The legislation passed during a special plenary during what is normally a summer holiday in Finland. Moreover, the law was adopted after being declared urgent, meaning a qualified majority of five-sixths of the Parliament determines that the bill needs to be urgently addressed. The law can then pass Parliament in two plenary meetings without the usual delay between votes, provided that two-thirds of the majority approve the proposal. (73 § Finnish Constitution, Suomen Perustuslaki.) The urgency clause was adopted by a vote of 103–16, and the amendment was likewise adopted by a substantial majority, with only one member of parliament, Ano Turtiainen, voting against. The law comes on the heels of the Finnish Parliament’s decision to apply for NATO membership, citing changes in the security and operating environment of Europe.

Amendment to Alien Act

As part of its effort to improve the Finnish government’s ability to react to hybrid attacks, where migration is used as a tool against Finland’s security, the Finnish government has also proposed changes to the Alien Act (Ulkomaalaislaki). These amendments would, among other things, create a process for denying clearly unfounded asylum applications on the spot at the border without releasing the applicant into Finland when there is an exceptionally large group of applicants present at the border. It would also allow for video interviews as part of the asylum application process, which is currently not permitted under the Alien Act.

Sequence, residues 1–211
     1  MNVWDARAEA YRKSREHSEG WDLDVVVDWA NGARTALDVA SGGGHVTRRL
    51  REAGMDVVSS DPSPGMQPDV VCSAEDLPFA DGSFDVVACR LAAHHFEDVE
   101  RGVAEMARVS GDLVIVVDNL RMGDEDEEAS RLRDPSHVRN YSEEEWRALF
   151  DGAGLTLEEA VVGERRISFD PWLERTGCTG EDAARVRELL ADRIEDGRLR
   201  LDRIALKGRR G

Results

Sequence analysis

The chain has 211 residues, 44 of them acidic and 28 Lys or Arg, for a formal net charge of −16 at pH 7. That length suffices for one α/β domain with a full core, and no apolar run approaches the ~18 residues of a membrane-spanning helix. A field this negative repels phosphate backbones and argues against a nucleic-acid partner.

That amendment has not yet passed but is currently under review by the Administration Committee.

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Finland: Parliament Amends Border Guard Act to Protect Against Foreign Hybrid Attacks. 2022. Web Page. https://www.loc.gov/item/global-legal-monitor/2022-07-14/finland-parliament-amends-border-guard-act-to-protect-against-foreign-hybrid-attacks/.

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(2022) Finland: Parliament Amends Border Guard Act to Protect Against Foreign Hybrid Attacks. [Web Page] Retrieved from the Library of Congress, https://www.loc.gov/item/global-legal-monitor/2022-07-14/finland-parliament-amends-border-guard-act-to-protect-against-foreign-hybrid-attacks/.

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Finland: Parliament Amends Border Guard Act to Protect Against Foreign Hybrid Attacks. 2022. Web Page. Retrieved from the Library of Congress, <www.loc.gov/item/global-legal-monitor/2022-07-14/finland-parliament-amends-border-guard-act-to-protect-against-foreign-hybrid-attacks/>.